We Didn't Come This Far to Come This Far
I was with Dr. L.C. Dorsey, a Mississippi civil rights legend; one night in New Delhi, India when she spoke about human rights at a public forum organized by local feminists with the organization Creating Resources for Empowerment in Action. She was asked whether the Civil Rights Movement had brought change to Mississippi. She paused for a good while before answering. As my friend Bob Demmons says, “You could have heard a mouse tip-toeing through cotton.” That night in Delhi, L.C.’s prepared remarks established her moral, experiential and intellectual authority to offer a meaningful response to that question. She struggled all her life to change Mississippi. I waited along with the Indian feminists to learn from this wise woman. And I believed her answer. As I sit now watching yet another video of yet another black mother’s child being murdered by white men in this 21st century and wonder whether – yet again – they will do so with impunity; her response that night haunts me. And I am bitter about feeling gratitude that L.C. died in 2013 so that she is not seeing this, too.
L.C. ‘s answer was grounded in the experiences of her life. Born in Mississippi in 1938 to sharecroppers, she spent her first eleven years on the Walker Plantation in the Mississippi Delta. Later, she lived on the plantation next to the one where Mrs. Fannie Lou Hamer resided and it was Mrs. Hamer and the young people of the Student Non-Violent Coordinating Committee (SNCC) who brought this tiny, uneducated black woman of unfathomable courage and tenacity into the Civil Rights Movement. She later earned a doctorate degree with the fierce intellect that powered her vast organizing and advocacy that made her a legend whether organizing voter registration, advancing access to health care in the Delta, challenging the inhumanity of Parchman Prison with the Southern Prisoners Defense Committee, co-founding the Southern Rural Black Women’s Initiative, joining the faculty at Mississippi Valley State University, serving on President Jimmy Carter’s Council for Economic Opportunity or President Bill Clinton’s Health Care Reform Professional Review Committee, or challenging members of the board of the Ford Foundation one night in Selma, Alabama. I waited along with the Indian feminists to learn from this wise woman. And I believed her.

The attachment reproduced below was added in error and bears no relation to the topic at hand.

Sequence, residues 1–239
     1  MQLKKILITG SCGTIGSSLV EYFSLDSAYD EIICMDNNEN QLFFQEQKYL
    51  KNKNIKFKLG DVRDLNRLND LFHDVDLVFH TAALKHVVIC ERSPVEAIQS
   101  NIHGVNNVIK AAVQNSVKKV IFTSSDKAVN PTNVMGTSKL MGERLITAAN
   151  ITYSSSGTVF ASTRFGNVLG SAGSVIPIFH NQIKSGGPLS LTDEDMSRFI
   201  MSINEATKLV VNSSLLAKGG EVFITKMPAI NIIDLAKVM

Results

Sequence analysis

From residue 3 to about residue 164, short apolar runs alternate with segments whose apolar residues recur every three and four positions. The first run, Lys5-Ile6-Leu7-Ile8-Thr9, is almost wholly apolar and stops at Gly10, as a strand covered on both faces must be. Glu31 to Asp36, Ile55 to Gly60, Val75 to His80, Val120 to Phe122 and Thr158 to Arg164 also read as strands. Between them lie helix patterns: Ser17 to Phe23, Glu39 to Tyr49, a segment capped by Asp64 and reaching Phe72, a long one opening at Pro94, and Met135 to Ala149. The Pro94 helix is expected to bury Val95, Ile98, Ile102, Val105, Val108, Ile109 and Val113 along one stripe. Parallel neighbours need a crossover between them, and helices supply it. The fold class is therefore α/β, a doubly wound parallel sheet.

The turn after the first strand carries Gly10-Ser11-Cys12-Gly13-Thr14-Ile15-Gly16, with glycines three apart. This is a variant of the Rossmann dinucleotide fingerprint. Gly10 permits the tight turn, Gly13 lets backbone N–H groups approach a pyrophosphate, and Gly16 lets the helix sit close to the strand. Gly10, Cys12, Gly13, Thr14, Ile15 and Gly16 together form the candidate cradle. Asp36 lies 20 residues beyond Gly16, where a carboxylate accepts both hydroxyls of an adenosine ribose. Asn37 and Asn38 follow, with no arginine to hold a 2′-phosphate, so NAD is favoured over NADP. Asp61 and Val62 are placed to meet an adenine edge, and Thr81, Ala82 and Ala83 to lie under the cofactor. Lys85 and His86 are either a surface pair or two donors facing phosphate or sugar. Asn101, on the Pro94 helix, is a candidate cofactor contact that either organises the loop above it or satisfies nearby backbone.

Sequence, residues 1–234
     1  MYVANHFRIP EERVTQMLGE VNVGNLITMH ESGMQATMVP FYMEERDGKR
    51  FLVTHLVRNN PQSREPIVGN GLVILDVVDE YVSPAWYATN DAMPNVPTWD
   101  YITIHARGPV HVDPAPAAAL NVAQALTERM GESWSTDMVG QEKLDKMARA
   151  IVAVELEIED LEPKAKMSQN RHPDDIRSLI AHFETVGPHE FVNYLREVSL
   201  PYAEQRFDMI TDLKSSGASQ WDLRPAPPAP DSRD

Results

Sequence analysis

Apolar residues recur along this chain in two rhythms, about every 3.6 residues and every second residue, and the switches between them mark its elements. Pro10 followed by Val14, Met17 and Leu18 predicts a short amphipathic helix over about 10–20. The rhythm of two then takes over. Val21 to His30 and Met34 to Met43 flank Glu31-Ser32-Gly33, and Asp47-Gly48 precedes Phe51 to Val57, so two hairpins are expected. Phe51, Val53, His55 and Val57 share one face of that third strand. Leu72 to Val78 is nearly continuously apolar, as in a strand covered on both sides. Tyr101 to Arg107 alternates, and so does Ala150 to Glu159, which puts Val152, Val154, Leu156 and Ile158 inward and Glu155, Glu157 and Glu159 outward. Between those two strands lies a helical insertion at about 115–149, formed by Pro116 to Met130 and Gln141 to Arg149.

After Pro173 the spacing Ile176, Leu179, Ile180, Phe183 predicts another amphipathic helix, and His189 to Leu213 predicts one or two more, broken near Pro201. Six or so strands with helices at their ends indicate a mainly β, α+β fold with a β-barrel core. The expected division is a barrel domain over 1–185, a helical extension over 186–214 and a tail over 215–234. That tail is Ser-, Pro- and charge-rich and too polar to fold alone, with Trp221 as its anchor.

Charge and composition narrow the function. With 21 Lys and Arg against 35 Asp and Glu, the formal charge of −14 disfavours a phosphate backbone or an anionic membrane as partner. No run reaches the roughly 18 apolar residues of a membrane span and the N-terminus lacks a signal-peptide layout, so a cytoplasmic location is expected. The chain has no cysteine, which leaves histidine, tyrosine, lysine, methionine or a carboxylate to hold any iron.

L.C. answered by first sharing what she felt at her core living on plantations in the Mississippi Delta in the 40s, 50s and 60s. She spoke of knowing as a child that she was not safe. She knew for a fact that any white person could do anything to any black man, woman, child or baby with impunity. She knew her parents could not protect her. She knew her father could not protect her mother and certainly not himself. Not from anything that any white person wanted to do. She said it simply and straight – constant fear and terror. Until the Civil Rights Movement changed Mississippi. Always realistic, L.C. acknowledged that it wasn’t time to stop singing “We Shall Overcome.” She did not declare that all was well. Rather, she emphasized that black folk continued to struggle for the full rights of citizenship and for respect and protection of human rights. But, an absolute hush fell upon the room when she said, “Yes. There’s been change. I no longer live with that fear. We have work to do; but it’s not like that anymore.”
L.C. did not live to experience the nightly news about Freddie Gray, Breonna Taylor, Sandra Bland, and so many more. She did not live to see four policemen murder George Floyd in broad daylight, surrounded by witnesses with such casualness that one officer looked around blandly, while the other had his hand in his pocket as he pressed the last breath out of Mr. Floyd. As I look at yet another broadcast of the video of Mr. George Floyd being murdered, I am bitter about feeling gratitude that L.C. died in 2013 so that she is not seeing this.